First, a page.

For Posterity's Sake
A Royal Canadian Navy Historical Project
In memory of those who have Crossed the Bar
ELLIS, Cecil George (Bud) - Buds Parents were married in Prince George in 1919- Douglas Donovan (Don) and Sarah Jeanette (Nettie) settled in Vanderhoof after WW 1. Don had been a sniper in the 47th infantry battalion. After the war Don and Nettie took up Homestead under the soldiers settlement plan. They had two sons Douglas Kenneth (Bus) and Cecil George (Bud). Times were very tough in early 1920s with extremely severe winters. The family had some good times but eventually had to give up the Homestead and move to Kelowna. Don worked many logging jobs, trucking jobs and as a maintenance man for the city of Kelowna. Good fortune came his way when he was hired as a Game Warden in 1939 and was stationed in the city of Kamloops. Bus and Bud finished school in Kamloops both had several jobs and later Bus first and Bud next joined the Navy. Both served on active duty in the North Atlantic on Corvettes. Bud was very fortunate and was hired by the BC game department April 1, 1947 as a predatory animal hunter. Budís job was to look after ranchers and farmers complaints of cougars bears wolves etc. Bud enjoyed this time from 1947 until 1950 working closely with his father in Kamloops. Don transferred to Kelowna in the spring of 1950 and retired in 1965. Budís dad died in Kelowna in 1977. In 1952 Bud transferred to Pouce Coupe and soon met Patricia Gregg in Dawson Creek. Bud wasted no time and married Patsy, he always said it was -40 with a foot of snow that April 1 wedding day but from his grin and the fact it was April fools day the kids were never really sure. Three sons followed in rapid succession; Donovan, Patrick and Douglas. Bud and Patsy had 10 good years in the North again doing predator control, mostly wolves in those days and his territory stretched over 600 miles all the way to the Yukon border. In 1962 Bud packed up the family and took a transfer to Cranbrook. His predator control responsibilities again included a lot of Bear and Cougar complaints. He had replaced the retiring Game Warden in Cranbrook so this posting also included more enforcement and conservation work. Bud was busy and thoroughly enjoyed exploring his beloved East Kootenay back country and getting to know the local outdoor enthusiasts. A move to Moyie lake in 1980 saw Bud commuting to Creston more and handling complaints of Elk and Deer damaging orchards. The Creston commutes were usually to conduct PR work trying to keep people happy and Bud rose to the task as a then skilled Conversation Officer. After 37 years of the best job really anyone could ever ask for, Bud retired in 1984 at Moyie lake where he and Patsy became very active volunteering to support many community improvement projects. After over 25 years in their Moyie dream home Bud and Patsy moved to Joseph Creek Village in Cranbrook. Bud had a fair bit of heart trouble starting in 2002 and went through heart surgery at foothills hospital in Calgary getting a new valve and a single bypass in 2006. His heart held up well through many years of cutting, hauling and heating the Moyie home with wood and in the end it was really just old age that caused him to breath in one more time than he breathed out. At the time of his passing , with family by his side in Prince George, Patsy still lives fully independently in their Joseph Creek home. Patsy will be 90 in February.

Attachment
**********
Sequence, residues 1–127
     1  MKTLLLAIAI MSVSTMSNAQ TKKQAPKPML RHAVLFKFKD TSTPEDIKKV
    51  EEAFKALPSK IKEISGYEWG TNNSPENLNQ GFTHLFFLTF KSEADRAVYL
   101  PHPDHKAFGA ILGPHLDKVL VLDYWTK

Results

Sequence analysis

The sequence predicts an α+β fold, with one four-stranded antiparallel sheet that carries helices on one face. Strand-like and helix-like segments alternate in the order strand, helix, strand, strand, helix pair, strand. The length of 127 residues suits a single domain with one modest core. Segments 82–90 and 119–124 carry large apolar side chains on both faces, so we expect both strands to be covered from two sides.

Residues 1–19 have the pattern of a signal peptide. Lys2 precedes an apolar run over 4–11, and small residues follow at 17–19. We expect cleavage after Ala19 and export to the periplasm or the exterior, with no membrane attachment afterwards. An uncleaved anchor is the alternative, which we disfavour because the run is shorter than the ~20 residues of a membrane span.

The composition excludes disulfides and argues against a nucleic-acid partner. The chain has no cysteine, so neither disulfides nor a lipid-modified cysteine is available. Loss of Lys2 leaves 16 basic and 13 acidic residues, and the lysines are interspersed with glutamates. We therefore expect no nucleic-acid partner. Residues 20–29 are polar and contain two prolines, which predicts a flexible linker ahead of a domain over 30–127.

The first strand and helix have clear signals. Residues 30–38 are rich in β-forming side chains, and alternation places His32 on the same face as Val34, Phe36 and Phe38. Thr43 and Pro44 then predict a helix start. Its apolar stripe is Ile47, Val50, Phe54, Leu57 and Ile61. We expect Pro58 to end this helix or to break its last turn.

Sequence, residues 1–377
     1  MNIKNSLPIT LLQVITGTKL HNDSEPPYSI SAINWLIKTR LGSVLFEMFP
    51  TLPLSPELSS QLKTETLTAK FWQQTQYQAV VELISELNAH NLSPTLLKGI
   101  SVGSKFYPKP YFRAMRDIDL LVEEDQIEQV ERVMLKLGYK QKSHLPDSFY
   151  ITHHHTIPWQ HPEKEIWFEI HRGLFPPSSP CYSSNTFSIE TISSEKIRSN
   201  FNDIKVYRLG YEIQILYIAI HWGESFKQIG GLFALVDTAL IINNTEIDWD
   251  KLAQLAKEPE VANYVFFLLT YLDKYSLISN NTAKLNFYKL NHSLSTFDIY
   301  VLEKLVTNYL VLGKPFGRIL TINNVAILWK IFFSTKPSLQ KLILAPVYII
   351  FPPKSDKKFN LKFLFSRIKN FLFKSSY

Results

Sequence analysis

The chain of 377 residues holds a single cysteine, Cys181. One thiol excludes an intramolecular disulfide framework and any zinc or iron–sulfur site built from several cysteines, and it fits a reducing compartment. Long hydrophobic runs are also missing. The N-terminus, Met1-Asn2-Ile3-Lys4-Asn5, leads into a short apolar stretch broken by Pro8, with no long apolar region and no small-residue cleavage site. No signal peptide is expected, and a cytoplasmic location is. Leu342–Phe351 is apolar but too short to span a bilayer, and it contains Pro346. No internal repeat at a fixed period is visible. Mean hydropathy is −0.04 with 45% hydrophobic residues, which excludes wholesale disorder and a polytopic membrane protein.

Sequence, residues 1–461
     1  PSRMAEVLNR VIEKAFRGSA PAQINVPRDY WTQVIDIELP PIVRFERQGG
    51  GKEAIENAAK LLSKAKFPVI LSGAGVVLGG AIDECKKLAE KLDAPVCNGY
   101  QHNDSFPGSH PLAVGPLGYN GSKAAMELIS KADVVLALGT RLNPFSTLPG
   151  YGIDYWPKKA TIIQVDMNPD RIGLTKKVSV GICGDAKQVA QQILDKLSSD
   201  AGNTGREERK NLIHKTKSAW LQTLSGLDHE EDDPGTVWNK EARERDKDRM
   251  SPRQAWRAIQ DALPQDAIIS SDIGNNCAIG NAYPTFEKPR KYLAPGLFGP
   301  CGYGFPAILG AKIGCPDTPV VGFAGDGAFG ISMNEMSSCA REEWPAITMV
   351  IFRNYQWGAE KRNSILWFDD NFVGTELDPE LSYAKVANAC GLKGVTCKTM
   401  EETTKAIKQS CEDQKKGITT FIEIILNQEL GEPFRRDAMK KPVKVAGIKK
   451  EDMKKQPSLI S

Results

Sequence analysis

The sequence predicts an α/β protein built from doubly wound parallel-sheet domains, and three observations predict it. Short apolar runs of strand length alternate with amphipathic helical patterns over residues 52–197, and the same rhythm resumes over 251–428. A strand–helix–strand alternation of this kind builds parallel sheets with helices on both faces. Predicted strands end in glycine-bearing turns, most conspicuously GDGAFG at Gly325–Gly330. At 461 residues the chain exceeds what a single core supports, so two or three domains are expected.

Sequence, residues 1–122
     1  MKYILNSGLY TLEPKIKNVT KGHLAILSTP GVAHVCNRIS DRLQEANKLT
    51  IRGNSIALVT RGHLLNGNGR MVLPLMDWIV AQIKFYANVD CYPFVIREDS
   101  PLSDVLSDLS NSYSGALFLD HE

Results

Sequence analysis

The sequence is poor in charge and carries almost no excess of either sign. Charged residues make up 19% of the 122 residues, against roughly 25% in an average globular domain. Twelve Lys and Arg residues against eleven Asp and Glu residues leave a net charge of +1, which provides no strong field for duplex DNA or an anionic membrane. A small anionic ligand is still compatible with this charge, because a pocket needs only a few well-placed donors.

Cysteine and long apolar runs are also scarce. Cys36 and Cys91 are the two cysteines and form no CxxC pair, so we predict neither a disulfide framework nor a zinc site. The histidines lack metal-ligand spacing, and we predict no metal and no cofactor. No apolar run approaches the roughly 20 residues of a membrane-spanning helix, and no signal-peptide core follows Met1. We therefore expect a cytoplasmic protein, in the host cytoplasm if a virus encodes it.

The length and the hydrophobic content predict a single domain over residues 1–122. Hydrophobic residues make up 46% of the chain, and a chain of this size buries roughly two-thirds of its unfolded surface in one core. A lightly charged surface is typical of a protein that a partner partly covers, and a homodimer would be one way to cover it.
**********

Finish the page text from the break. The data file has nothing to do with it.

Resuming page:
Ships served in: